How Leonsis makes the grade

Irene Pollin, Ted Leonsis

Last week we discussed the bizarre logic behind the Wizards signing John Wall.  Dave follows this up with insights on the fascinating article at Comcast Washington, which had some “perspective” from the Wizards owner Ted Leonsis.

No time like the present

Leonsis on why it was important sign Wall now:

One of the reasons we wanted to do this and do it early is to remove the I-need-to-get-stats. This is such a stats-oriented league and to have the focus on what the team needs to accomplish.

Dave’s take: Let me re-state what Leonsis appears to be saying.

In this league we reward people for producing stats (i.e. points) that are not necessarily related to wins (i.e. what the team wants). Because we do this, Wall would have an incentive this next year to focus on his points and not on team wins. Of course, we could correct this by rewarding players for focusing on team wins. But instead of doing this, we give people lots of money in the hope that maybe then they will focus on team wins.

Check the Stats

Leonsis on Wall’s analytics:

Ernie and the staff crunched a lot of numbers. There’s a lot of analytics that go into it to show where John ranks and what his upside his. … I thought he was our foundational player and that he deserved to be a max player.

Dave’s Take: What analytics are we talking about here? Certainly nothing in the box score says Wall is an elite player at this point. Plus-minus stats might say this. But as I have noted many times in the past, these are very questionable stats.  It is very possible that Wall will become a productive player in the future.  Nothing in the box score, though, says this is definitely going to happen (and again, non-box score stuff has issues).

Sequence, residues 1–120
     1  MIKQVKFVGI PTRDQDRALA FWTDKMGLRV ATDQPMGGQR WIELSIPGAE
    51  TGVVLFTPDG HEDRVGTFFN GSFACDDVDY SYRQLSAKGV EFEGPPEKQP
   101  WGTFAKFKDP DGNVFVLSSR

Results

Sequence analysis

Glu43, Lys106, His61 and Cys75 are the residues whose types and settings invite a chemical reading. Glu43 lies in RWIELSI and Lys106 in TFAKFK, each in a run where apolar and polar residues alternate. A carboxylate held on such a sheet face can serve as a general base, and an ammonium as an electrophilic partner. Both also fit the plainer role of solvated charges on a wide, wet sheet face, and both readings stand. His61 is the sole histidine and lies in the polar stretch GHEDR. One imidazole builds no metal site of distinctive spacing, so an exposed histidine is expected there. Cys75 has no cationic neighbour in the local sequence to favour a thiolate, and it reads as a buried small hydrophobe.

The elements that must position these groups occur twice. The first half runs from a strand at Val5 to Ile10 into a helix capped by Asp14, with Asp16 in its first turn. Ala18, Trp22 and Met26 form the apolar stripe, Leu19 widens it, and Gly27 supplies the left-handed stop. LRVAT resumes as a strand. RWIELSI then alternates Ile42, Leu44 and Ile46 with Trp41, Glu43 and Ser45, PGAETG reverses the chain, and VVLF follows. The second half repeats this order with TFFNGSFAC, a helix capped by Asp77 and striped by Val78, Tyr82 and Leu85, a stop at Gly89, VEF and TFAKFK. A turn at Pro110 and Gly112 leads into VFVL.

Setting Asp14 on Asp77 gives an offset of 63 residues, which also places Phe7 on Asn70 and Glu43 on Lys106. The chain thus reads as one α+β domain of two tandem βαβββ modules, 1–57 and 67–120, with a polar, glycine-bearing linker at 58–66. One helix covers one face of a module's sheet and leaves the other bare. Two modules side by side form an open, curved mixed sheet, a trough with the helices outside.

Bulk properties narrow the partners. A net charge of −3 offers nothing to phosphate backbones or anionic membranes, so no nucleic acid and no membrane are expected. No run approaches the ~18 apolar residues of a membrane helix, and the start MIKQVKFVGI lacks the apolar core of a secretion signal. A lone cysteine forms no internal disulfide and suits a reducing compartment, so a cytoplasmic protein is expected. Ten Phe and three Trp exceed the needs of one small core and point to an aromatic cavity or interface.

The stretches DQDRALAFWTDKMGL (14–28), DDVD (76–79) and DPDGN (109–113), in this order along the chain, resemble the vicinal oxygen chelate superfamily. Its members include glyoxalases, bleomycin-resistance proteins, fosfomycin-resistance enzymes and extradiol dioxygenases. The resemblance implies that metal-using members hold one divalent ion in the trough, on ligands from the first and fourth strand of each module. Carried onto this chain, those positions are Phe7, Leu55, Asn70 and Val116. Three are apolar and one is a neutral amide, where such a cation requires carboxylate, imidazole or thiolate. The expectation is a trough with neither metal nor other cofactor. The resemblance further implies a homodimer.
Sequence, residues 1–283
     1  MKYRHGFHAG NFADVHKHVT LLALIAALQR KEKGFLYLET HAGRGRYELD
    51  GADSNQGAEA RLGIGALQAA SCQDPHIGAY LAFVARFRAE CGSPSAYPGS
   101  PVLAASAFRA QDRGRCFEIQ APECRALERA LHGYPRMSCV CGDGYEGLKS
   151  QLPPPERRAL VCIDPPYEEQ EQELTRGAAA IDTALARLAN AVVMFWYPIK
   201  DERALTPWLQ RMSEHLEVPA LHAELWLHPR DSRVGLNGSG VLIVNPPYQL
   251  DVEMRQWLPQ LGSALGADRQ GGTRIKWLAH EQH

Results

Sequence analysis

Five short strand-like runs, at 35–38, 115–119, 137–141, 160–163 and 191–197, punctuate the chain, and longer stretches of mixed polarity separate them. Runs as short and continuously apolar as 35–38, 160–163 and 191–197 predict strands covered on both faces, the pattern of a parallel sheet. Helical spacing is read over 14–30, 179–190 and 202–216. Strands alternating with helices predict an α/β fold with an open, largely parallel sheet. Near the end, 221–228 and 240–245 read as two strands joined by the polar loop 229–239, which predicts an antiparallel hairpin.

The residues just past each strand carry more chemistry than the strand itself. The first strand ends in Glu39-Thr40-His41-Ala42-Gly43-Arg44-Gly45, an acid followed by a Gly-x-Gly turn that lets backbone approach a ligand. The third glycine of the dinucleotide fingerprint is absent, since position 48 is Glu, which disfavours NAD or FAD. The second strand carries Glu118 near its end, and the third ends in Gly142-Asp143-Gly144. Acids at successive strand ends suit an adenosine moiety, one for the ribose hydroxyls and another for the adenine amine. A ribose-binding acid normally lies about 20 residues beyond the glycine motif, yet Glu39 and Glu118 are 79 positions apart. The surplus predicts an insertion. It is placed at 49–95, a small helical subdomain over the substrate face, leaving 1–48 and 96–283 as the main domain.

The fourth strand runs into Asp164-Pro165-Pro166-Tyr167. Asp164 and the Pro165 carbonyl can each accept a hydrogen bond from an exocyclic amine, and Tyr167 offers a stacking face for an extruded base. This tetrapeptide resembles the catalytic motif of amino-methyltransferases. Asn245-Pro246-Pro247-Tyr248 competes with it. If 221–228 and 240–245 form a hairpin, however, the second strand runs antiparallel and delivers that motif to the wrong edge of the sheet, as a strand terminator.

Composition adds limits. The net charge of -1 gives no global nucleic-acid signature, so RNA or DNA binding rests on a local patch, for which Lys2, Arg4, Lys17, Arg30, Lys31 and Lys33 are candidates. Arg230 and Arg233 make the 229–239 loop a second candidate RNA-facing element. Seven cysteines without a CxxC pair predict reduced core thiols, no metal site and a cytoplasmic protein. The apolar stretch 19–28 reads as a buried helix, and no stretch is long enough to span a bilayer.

Summing Up

Dave’s day job is a professor. This involves a lot of evaluation. Students work is graded. The work Dave sends out to be published also gets graded. In fact, this idea is nothing new. In most businesses, people give an argument and it is evaluated. Based on this evaluation, we decide to pay people or not, or to use an idea or not. Dave had a curious thought regarding Leonsis’ evaluations.

Dave’s take: Leonsis — who has endorsed Stumbling on Wins — seems to be making some very questionable arguments here. On the one hand he worries that Wall needs to get paid so he can focus on team wins. On the other hand, he seems to suggest that Wall is already producing team wins. One wonders if anyone in meetings with Leonsis asks: “Is there any requirement that your arguments be consistent?”

This question gets at an issue in the structure of a firm.  Because “the boss” has the power to fire people he/she is working with, it is very difficult for those people to offer criticism of the ideas the boss offers.  When the boss doesn’t hear criticism, one suspects this person often concludes what they are saying makes sense.   In this particular instance, I do not think Leonsis is making as much sense as he would like.  And since his employees may not be inclined to step up, I thought it might be useful if I just laid out these quotes for him and others to think about.

So once again… does it seem like Leonsis is making clear arguments about Wall’s contract? My sense is that his arguments come up short.

Of course it is possible that I am wrong.  But before you correct me ask yourself, can I fire you?  If I can, then be quiet.  Everyone else, though, have at it :)

-Dave w/ editing and comments from Dre

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